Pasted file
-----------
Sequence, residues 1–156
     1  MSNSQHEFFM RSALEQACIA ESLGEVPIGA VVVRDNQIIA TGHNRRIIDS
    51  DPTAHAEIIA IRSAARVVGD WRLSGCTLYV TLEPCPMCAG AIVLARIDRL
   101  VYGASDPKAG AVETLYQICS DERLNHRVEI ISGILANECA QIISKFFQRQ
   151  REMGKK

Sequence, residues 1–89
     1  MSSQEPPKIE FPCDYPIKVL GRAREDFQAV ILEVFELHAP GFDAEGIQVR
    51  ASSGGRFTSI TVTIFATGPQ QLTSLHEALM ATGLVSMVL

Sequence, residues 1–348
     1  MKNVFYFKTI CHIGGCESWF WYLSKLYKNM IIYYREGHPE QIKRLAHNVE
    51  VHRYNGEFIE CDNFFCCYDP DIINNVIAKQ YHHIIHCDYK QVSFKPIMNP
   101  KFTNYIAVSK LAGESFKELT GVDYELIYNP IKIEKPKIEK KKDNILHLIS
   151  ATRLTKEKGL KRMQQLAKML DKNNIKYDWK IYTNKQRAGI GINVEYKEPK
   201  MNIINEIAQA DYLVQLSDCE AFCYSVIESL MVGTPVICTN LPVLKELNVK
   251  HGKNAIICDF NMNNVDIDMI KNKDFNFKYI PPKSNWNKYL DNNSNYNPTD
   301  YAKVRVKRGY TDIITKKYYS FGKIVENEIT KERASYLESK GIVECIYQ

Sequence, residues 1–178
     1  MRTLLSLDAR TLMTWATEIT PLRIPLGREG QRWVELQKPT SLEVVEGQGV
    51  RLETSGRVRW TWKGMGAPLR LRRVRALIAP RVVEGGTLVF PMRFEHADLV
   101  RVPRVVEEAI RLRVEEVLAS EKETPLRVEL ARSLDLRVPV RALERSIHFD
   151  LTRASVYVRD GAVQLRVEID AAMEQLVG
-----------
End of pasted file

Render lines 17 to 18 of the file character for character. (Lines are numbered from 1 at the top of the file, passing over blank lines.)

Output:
Sequence, residues 1–178
     1  MRTLLSLDAR TLMTWATEIT PLRIPLGREG QRWVELQKPT SLEVVEGQGV